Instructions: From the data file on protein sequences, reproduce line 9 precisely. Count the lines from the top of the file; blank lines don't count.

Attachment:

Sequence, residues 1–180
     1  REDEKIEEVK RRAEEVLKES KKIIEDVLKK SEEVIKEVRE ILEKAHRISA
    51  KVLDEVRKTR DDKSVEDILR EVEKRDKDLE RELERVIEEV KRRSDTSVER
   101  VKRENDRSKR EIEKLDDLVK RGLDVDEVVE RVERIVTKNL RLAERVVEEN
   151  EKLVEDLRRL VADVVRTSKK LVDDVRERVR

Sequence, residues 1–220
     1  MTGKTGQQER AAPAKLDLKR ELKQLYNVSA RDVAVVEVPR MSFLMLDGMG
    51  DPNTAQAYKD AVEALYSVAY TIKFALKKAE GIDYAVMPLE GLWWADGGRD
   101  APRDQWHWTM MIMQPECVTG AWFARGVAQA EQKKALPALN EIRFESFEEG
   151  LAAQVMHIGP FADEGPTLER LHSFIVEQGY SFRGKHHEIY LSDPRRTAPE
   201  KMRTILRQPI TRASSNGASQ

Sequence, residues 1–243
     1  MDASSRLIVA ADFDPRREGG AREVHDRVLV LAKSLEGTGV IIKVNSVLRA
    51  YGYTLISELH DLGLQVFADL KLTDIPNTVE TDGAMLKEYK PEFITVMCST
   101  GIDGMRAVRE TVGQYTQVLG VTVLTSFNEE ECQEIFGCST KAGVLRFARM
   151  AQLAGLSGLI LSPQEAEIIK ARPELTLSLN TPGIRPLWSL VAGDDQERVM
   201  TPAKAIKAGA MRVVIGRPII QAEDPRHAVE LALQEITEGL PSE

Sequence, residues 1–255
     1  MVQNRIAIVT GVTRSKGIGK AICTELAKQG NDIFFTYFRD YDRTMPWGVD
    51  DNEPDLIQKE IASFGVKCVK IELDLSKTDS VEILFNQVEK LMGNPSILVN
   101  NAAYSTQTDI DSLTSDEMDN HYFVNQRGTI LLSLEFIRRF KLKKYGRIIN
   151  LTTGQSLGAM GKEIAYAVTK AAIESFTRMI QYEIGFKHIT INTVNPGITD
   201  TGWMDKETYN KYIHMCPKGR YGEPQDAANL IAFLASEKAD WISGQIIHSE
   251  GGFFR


   101  APRDQWHWTM MIMQPECVTG AWFARGVAQA EQKKALPALN EIRFESFEEG